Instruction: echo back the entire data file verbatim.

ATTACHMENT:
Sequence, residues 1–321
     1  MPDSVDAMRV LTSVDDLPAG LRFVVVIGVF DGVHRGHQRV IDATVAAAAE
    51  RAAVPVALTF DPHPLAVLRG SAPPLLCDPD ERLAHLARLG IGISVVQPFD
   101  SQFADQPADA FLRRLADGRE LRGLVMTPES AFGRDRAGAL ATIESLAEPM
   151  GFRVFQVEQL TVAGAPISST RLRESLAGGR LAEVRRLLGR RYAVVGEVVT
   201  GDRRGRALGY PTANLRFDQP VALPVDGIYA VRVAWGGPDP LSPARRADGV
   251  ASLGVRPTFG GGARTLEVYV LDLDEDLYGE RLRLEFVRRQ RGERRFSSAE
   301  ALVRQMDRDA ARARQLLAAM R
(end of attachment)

Sequence, residues 1–321
     1  MPDSVDAMRV LTSVDDLPAG LRFVVVIGVF DGVHRGHQRV IDATVAAAAE
    51  RAAVPVALTF DPHPLAVLRG SAPPLLCDPD ERLAHLARLG IGISVVQPFD
   101  SQFADQPADA FLRRLADGRE LRGLVMTPES AFGRDRAGAL ATIESLAEPM
   151  GFRVFQVEQL TVAGAPISST RLRESLAGGR LAEVRRLLGR RYAVVGEVVT
   201  GDRRGRALGY PTANLRFDQP VALPVDGIYA VRVAWGGPDP LSPARRADGV
   251  ASLGVRPTFG GGARTLEVYV LDLDEDLYGE RLRLEFVRRQ RGERRFSSAE
   301  ALVRQMDRDA ARARQLLAAM R